- Binding social capital grows out of exchanges in pre-modern settings where members of these exchanges build ad hoc alliances or networks that are not associated with specified rights and obligations.
Communities that are characterized by both bonding and bridging forms of social capital are more effective in solving big problems than those who have only close networks or
loose connections to the outside world (Ostrom & Alm, 2007).
are the rules of behavior that are considered acceptable in a group or society, or the behavioral expectations that a social group holds for its individuals. A social norm tells you what you're supposed to do in any given situation, but these rules may be explicit or implicit. People who do not follow these norms may be shunned or suffer some kind of consequence. Norms change according to the environment or situation and may change or be modified over time. There are different types of norm:
- Injunctive Norms are behaviors which are perceived as being approved of by other people.
- Descriptive Norms are perceptions of how other people are actually behaving, whether or not these are approved of.
- Explicit Norms are written or spoken openly.
- Implicit Norms are not openly stated (but you find out when you transgress them).
- Subjective Norms: Expectations that valued others have about how we will behave.
- Personal Norms: Standards we have about our own actions.
Norms are transmitted by non-verbal behaviour, through stories, rituals and role-model behaviour.
Who knows whom in a community, and the character of those ties, influences both the form of social networks and the types of social capital that manifest. There are different social ties. These include:
- Strong Ties: close personal friends; typically the people one goes to in times of great crisis (if one has lost a job, or has marital problems, or has a severe health problem) and needs personal support.
- Weak Ties: more like nodding acquaintances – people who one might be able to go to for smaller favors but who you do not know that well. Episodic, single stranded and more fleeting ties, like those you formed in a one-day cleanup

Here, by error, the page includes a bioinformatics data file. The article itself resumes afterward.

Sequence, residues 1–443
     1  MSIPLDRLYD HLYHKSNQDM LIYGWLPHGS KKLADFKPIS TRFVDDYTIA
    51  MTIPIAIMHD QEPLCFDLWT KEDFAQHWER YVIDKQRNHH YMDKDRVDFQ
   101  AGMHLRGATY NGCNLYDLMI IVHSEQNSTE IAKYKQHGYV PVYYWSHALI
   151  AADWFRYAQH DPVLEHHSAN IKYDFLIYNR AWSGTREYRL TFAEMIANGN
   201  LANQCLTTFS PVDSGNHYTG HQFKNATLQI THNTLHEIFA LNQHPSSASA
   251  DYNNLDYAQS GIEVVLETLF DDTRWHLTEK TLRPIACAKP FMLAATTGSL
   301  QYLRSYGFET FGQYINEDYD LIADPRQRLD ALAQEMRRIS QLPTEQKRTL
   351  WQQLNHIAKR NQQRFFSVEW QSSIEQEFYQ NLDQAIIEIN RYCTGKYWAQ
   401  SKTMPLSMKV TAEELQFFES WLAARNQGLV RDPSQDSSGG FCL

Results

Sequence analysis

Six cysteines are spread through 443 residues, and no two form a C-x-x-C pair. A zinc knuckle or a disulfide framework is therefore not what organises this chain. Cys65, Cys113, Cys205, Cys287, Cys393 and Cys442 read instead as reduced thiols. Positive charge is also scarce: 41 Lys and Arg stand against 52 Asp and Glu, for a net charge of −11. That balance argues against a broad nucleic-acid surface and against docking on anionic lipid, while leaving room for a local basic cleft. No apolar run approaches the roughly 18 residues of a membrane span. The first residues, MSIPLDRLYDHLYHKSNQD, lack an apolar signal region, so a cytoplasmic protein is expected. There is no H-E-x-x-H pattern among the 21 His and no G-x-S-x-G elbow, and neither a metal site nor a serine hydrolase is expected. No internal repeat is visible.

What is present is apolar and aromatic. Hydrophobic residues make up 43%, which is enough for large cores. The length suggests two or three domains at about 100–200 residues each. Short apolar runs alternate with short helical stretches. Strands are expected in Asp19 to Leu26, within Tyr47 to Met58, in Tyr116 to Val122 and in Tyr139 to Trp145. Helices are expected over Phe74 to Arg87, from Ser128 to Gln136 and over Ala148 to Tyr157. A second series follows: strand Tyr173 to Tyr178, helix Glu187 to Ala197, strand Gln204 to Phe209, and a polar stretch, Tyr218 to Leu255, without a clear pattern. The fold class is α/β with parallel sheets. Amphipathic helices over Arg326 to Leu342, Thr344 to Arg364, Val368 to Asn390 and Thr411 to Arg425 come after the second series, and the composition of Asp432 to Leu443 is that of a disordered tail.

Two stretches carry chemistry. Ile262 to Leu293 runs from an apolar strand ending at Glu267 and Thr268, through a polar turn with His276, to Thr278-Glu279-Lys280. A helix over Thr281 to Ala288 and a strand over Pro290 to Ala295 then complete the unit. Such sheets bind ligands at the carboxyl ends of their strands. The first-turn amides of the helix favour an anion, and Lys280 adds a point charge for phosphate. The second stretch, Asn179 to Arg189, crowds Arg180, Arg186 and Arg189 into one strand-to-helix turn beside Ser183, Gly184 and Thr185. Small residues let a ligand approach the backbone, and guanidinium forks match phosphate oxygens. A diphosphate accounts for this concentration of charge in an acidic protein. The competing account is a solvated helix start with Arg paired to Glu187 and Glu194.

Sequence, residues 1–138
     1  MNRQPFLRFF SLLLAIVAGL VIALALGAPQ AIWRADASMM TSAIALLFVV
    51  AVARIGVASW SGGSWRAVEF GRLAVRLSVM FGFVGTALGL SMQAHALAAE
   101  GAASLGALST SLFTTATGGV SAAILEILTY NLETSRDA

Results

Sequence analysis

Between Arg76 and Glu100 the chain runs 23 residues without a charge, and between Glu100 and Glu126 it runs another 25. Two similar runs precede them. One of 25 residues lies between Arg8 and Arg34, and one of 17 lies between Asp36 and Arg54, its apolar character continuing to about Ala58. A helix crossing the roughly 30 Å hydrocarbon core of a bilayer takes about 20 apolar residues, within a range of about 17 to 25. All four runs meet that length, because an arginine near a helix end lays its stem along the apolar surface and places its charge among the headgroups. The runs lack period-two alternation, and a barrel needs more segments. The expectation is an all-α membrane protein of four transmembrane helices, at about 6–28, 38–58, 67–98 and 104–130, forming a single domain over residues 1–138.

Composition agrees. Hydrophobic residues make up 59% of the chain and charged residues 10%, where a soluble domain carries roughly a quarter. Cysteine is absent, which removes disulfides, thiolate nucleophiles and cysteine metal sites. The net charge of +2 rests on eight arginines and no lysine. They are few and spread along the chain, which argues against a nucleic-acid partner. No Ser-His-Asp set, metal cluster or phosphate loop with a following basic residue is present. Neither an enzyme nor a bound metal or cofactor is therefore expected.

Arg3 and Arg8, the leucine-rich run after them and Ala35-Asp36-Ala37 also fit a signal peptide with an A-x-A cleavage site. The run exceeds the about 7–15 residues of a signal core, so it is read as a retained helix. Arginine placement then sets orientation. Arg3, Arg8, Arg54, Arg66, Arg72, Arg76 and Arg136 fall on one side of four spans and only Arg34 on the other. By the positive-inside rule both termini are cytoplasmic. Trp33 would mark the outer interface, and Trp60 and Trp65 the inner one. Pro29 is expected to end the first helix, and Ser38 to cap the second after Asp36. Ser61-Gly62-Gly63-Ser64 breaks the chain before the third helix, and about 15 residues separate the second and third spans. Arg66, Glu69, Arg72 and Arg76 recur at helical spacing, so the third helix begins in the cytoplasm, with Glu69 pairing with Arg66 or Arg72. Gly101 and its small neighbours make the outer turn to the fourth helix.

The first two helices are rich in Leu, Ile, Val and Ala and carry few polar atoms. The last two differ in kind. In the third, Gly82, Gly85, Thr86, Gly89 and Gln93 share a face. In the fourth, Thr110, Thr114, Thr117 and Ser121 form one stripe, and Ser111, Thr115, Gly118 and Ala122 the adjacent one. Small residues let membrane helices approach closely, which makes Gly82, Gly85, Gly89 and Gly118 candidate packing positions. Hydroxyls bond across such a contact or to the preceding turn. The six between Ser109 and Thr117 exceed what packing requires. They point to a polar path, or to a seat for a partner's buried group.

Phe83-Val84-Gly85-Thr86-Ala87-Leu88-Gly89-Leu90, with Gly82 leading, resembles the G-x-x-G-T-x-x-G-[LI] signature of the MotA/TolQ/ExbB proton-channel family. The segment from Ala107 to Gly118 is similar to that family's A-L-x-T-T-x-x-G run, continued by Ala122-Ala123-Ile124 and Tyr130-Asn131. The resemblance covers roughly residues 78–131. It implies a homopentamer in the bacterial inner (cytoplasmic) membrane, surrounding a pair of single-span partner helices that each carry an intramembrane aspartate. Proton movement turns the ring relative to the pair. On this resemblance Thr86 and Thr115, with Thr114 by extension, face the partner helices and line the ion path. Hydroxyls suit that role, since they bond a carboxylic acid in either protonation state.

- Public-regarding ties that tackle a public issue (e.g., a Parent Teacher Association) v. private regarding (e.g., a purely social club).
- Formal ties(a dues-paying organization with committees and bylaws) vs. informal (a pickup basketball game). Social ties that exist within the context of a formal organization (with elements like by-laws, regular meetings, minutes, etc.).
- Informal ties: social ties that exist outside the context of formal organizations (like neighbors talking over a back fence, ties through a pick-up basketball game, etc.).
Thought field therapy
TFT is a proven, highly effective, non-invasive brief therapy technique that utilizes a sequence of self‐tapping to stimulate specific acupuncture points while recalling a traumatic event or cue. It facilitates the relaxation response while the person experiencing exposure to the problem by simply thinking about the problem. The improvement is almost always relatively quick and, in most cases, long-lasting (Irgens, Dammen, Nysaeter, & Hoffart, 2012). The National Registry of Evidence Based Practices and Procedures (NREPP), a division of SAMHSA, has accepted TFT as an evidence base therapy for anxiety, trauma and self-concept.
Ujasiri literally translates from Kiswahili as ‘bravery’ or ‘confidence.’ Its enables a person to feel visceral pain when they witness children’s suffering, and this primes them to decide to act. Ujasiri is a reflection of what people value, and it consists of the belief that children are blameless, the hope that the child will pay forward the help that they have received, and the moral code that says “I must behave responsibly” (McAlpine, 2014). Empathy is the foundation of Ujasiri.
is about affirming and operationalizing direct accountability relationships between citizens and the state. It is an approach towards building accountability that relies on civic engagement, where ordinary citizens and/or civil society organizations participate directly or indirectly in exacting accountability from the state. Social accountability refers to the broad range of actions and mechanisms beyond voting that citizens can use to hold the state to account, as well as actions on the part of government, civil society, media and other societal actors that promote or facilitate these efforts (World Bank, 2004).
Humans are storytelling creatures and the mind is shaped by story. We learn by sharing our stories because they tap into our emotions, express ideas and experiences that are often hidden. Being inspired by stories of real people doing inspiring things that take us beyond ourselves. Stories also help us understand why we behave in the way we do. We can choose the narrative we tell about our lives, and we can tell different stories about ourselves. When we abandon the hypothesis-testing stance that seeks out stories that prove something, and instead just ask people for their stories they invariably have something to share (Josselson & Lieblich, 2014). Everyone makes up stories and gives intentions to their state (Mehl-Madrona, 2014). The act of telling a story is both an act of knowing oneself, but also an act of creating and sustaining relationships with others.